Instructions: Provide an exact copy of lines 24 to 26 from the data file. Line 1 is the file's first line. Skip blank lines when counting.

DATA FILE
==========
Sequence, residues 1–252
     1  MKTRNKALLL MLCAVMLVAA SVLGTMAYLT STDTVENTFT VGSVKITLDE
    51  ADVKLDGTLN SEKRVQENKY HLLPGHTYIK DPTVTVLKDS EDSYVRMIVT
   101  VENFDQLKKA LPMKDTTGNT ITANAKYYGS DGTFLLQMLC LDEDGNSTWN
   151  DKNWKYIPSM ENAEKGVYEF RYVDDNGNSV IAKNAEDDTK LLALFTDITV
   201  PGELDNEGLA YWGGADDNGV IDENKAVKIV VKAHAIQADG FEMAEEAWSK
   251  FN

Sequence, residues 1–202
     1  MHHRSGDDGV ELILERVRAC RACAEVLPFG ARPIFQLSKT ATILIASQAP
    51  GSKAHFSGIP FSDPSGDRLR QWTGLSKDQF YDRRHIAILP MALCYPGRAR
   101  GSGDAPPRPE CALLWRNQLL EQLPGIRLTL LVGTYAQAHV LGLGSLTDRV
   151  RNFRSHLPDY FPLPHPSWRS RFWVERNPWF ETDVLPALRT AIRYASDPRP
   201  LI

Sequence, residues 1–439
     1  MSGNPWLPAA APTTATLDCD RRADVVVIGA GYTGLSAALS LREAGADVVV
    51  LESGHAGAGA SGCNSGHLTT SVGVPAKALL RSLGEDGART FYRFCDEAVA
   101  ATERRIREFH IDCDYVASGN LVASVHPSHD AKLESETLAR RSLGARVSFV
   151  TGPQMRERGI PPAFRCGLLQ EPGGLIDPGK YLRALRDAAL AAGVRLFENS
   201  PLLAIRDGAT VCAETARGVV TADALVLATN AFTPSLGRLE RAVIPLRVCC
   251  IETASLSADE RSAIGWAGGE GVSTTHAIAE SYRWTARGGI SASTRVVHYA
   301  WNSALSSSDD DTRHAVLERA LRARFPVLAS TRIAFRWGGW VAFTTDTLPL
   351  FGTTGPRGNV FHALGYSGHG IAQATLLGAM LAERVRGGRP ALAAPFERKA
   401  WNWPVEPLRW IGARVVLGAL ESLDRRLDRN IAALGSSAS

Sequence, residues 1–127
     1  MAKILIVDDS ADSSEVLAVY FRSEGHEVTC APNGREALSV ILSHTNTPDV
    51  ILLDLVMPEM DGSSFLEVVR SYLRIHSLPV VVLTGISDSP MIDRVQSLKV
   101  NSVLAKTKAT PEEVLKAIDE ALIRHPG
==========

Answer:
Sequence, residues 1–127
     1  MAKILIVDDS ADSSEVLAVY FRSEGHEVTC APNGREALSV ILSHTNTPDV
    51  ILLDLVMPEM DGSSFLEVVR SYLRIHSLPV VVLTGISDSP MIDRVQSLKV